Microsoft CEO unveils major staffing restructure

Microsoft sign outside glass building

Microsoft CEO Steve Ballmer has outlined his vision for the firm and confirmed a major restructure will take place as it looks to remain competitive in an ever changing market.

In a 2,600 word memo, Ballmer claimed that Microsoft will continued to change the world, but that it must "improve in all aspects of the business".

"Going forward, our strategy will focus on creating a family of devices and services for individuals and businesses that empower people around the globe at home, at work and on the go, for the activities they value most," he noted.

"We are rallying behind a single strategy as one company not a collection of divisional strategies. Although we will deliver multiple devices and services to execute and monetise the strategy, the single core strategy will drive us to set shared goals for everything we do. We will see our product line holistically, not as a set of islands."

Ballmer also suggested he wants to take a more hands-on roll, with the heads of divisions set to report directly to him.

"Each major initiative will have a champion who will be a direct report to me or one of my direct reports. The champion will organise to drive a cross-company team for success, but my whole staff will have commitment to the initiative's success" he said.

In terms of restructuring itself, a number of Microsoft executives have been promoted internally as predicted earlier this week. A handful have retained their positions and there is one high-profile casualty.

Operating Systems Engineering Group: Terry Myerson has been promoted from head of the Windows Phone division. He will oversee work on operating systems spanning across consoles, mobile devices, PCs and back-end systems. Core cloud services for the operating system (presumably SkyDrive) will also fit under his remit.

Devices and Studios Engineering Group: Julie Larson-Green is now in charge of all hardware development and supply chain from phones and tablets thorugh to PCs and Xbox. She will also be responsible for Microsoft's studios offerings including games, music, video and other entertainment.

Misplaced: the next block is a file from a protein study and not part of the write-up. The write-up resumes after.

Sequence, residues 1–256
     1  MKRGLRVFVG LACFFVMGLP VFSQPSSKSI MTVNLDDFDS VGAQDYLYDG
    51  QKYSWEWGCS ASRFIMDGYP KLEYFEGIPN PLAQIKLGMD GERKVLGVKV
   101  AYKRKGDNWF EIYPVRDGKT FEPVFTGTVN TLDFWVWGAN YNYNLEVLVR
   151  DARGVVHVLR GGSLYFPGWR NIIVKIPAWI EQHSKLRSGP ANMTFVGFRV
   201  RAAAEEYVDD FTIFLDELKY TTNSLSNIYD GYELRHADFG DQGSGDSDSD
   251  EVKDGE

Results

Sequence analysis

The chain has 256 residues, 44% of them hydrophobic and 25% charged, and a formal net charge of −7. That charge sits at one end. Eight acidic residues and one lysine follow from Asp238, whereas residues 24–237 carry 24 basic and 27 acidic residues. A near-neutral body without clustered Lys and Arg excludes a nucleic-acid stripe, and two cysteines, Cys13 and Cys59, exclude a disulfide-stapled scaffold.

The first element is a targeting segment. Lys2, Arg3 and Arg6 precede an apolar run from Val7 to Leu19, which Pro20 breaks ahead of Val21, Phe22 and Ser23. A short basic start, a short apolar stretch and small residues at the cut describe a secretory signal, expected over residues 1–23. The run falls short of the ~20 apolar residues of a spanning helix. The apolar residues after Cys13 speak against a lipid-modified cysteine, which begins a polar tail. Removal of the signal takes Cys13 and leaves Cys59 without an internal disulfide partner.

Applications and Services Engineering Group: Qi Lu will lead broad applications and services core technologies in productivity, communication, search and other information categories.

Advanced Strategy and Research Group: Eric Rudder will head up "Research Trustworthy Computing" teams focused on the intersection of technology and policy. He will also be tasked with looking into "key new technology trends" Microsoft can leverage.

Business Development and Evangelism Group: Tony Bates, former president of Skype will now focus on key partnerships with OEMs, silicon vendors, key developers as well as third parties such as Yahoo and Nokia. He was also expected to oversee Microsoft's corporate strategy and be involved in mergers and acquisitions going forward, but there was no mention of this.

The most high-profile casualty is Kurt DelBene, president of Office who will now be retiring after over two decades of service.

"Kurt has been a huge part of our success in evolving Office to be a great cloud service, and is a key member of my leadership team. I can't express enough gratitude for the work he's done for the company, and I will truly miss him. Kurt is a truly amazing leader and a special person. His contributions to Microsoft over 20+ years can inspire us all," Ballmer noted.

Meanwhile, Craig Mundie has been tasked with working on a "special project" for the CEO until the end of the year. At the start of 2014 Mundie will continue as a consultant until his pre-arranged departure at the end of the next calendar year.

The handful of senior executives who survived the axe include CMO Tami Reller, COO Kevin Turner and head of the Dynamics division, Kirill Tatarinov. Brad Smith has also been retained as General Counsel.

It remains to be seen whether these changes will help Microsoft drive forward in an era where it has been playing catch-up to the likes of Apple and Google.

Ballmer noted that although there is lots of change "many key things [remain] the same", so only time will tell.

Khidr Suleman is the Technical Editor at IT Pro, a role he has fulfilled since March 2012. He is responsible for the reviews section on the site  - so get in touch if you have a product you think might be of interest to the business world. He also covers the hardware and operating systems beats. Prior to joining IT Pro, Khidr worked as a reporter at Incisive Media. He studied law at the University of Reading and completed a Postgraduate Diploma in Magazine Journalism and Online Writing at PMA Training.